Sure, the statistics are sobering. The flip side: There's plenty of room for growth.

"If it was a perfect world and everybody composted and recycled, we could probably keep 75 percent of waste out of landfills," Pitt says. "We'd be able to start taking trash trucks off the street. We'll convert them into composting trucks."

A closed-loop yard

A worm composting program from Denver Public Works and Denver Urban Gardens.Beyond the curbside collection program, Denver also promotes backyard composting. Public Works has teamed with Denver Urban Gardens to offer an educational program to train master composters for more than 20 years. Pitt describes it as a "train-the-trainer program" with 30 workshops and as many as 1,000 participants a year.

The rationale? "If we can keep it out of our waste stream, that's a positive for the city," says Pitt.

Plenty of cities and states have mandates to reduce landfill shipments, and composting is an obvious starting point. About a third of waste at landfills nationwide is food waste, and roughly 70 percent of it is organic.

"All of that waste produces methane at the landfill, which is 23 times more potent of a greenhouse gas than carbon dioxide," says Yost. And even though it produces methane, composting is a carbon sink, he adds. "It absorbs way more carbon than it creates" -- and you have the compost replacing less environmentally friendly fertilizers.

The big picture: Some reports say universal composting and recycling could significantly cut greenhouse gas emissions, as landfills are the top source of anthropogenic methane in the U.S.

All things considered, composting represents an unbelievable amount of low-hanging fruit in terms of greenhouse gas reduction.

"It's huge," says Pitt. "If you look at the total cost of composting versus transportation or LEED, it's relatively inexpensive for the impact. Dollar by dollar for reducing greenhouse gases, it's by far the cheapest option." But to fulfill its potential, she adds, it requires buy-in on a mass scale.

After starting in commercial composting in 2009, Denver-based Waste Farmers sold its routes to Alpine Waste & Recycling in 2011 and started bagging its own brands of soil products for hobbyists and professionals. Sales grew by a dizzying 80 percent in 2015.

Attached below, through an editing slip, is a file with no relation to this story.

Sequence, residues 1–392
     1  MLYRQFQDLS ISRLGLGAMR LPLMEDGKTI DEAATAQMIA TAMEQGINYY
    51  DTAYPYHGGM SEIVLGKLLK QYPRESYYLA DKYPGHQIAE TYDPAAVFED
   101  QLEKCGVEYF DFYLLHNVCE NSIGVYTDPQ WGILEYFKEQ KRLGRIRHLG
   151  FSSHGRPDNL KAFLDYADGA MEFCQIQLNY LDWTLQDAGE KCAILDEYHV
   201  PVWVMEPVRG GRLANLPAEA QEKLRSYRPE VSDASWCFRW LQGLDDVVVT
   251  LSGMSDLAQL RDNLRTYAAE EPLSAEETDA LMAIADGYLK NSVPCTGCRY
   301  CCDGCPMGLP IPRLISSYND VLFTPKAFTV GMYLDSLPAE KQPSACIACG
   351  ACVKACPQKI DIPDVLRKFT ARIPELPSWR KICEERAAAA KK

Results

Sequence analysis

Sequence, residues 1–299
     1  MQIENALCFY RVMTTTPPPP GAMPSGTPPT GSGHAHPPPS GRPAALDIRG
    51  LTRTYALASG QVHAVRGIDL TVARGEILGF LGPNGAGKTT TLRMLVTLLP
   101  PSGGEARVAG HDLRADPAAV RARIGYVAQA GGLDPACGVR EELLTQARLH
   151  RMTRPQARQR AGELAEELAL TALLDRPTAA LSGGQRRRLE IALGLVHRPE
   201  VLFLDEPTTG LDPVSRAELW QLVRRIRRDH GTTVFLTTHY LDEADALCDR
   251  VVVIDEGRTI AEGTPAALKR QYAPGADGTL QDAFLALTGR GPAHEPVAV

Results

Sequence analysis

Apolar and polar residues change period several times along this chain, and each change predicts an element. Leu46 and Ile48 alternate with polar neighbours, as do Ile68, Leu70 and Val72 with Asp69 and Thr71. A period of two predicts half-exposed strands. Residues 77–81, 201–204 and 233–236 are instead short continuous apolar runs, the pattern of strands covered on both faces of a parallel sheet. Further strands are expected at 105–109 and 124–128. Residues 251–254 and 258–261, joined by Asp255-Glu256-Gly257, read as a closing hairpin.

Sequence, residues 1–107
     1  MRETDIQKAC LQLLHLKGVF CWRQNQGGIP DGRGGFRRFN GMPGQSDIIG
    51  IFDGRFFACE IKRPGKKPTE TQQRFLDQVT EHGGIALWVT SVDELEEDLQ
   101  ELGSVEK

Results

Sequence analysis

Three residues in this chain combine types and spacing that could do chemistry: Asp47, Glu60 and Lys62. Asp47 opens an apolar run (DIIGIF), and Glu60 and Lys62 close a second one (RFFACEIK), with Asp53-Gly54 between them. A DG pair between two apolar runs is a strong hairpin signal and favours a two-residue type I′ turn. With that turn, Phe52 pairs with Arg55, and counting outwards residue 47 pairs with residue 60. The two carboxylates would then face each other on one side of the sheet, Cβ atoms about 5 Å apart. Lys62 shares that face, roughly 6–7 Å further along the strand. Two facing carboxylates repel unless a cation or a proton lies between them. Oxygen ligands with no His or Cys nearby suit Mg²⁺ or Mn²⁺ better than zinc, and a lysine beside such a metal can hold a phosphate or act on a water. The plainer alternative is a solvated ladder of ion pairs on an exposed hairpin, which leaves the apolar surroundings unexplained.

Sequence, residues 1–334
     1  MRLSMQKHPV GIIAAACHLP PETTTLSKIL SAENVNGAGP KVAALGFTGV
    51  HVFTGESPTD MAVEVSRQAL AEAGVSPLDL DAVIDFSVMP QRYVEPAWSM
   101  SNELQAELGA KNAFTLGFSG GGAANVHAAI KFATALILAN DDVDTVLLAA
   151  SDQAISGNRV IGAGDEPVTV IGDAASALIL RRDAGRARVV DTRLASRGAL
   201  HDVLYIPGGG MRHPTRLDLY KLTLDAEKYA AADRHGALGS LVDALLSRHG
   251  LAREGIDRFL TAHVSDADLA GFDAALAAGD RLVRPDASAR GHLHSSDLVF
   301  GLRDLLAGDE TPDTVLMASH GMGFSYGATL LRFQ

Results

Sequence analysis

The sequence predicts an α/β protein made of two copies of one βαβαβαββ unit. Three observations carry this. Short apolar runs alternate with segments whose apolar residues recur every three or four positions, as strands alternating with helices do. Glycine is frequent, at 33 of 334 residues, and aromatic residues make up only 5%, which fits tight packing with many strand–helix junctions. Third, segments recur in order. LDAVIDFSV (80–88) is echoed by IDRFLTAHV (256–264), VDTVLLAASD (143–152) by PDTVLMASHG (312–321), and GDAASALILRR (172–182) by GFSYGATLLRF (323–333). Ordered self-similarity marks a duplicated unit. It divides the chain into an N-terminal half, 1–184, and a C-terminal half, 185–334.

Now that he's out of the compost-collection business, Waste Farmers CEO John-Paul Maxfield says commercial growth has outpaced residential composting locally for several reasons. "Part of the challenge is that it's really cheap to throw stuff away," he says. Denver also earns royalties from city-owned landfills, he adds, providing a "disincentive" to diversion.

To foster participation in the curbside program, the city "needs to do a better job of letting people know they can compost," Maxfield adds. Another piece of compost-collection advice: "Subcontract it out to a private company. That'd be a much more efficient way to do it."

Back at A1's Rattler Ridge compound, the biggest issue is what's going into in the compost bins. "It's commingled material," says Yost. "It's supposed to be food scraps and green waste."

"The biggest challenge is the quality of the material we get," he continues. "People throw glass in there -- glass is just killing us. If I could do one thing, I'd go door to door and get people to quit throwing trash in their compost."

Editor's note: I'm an avid backyard composter. I haven't participated in the city's master composter training, but I did win the blue ribbon for best compost at the 2015 Denver County Fair, after a second-place finish the year before. My latest challenge: keeping puppy Aoife out of the compost. The ravenous lurcher is dead set on eating rotten vegetables.

Read more articles by Eric Peterson.

Eric is a Denver-based tech writer and guidebook wiz. Contact him here.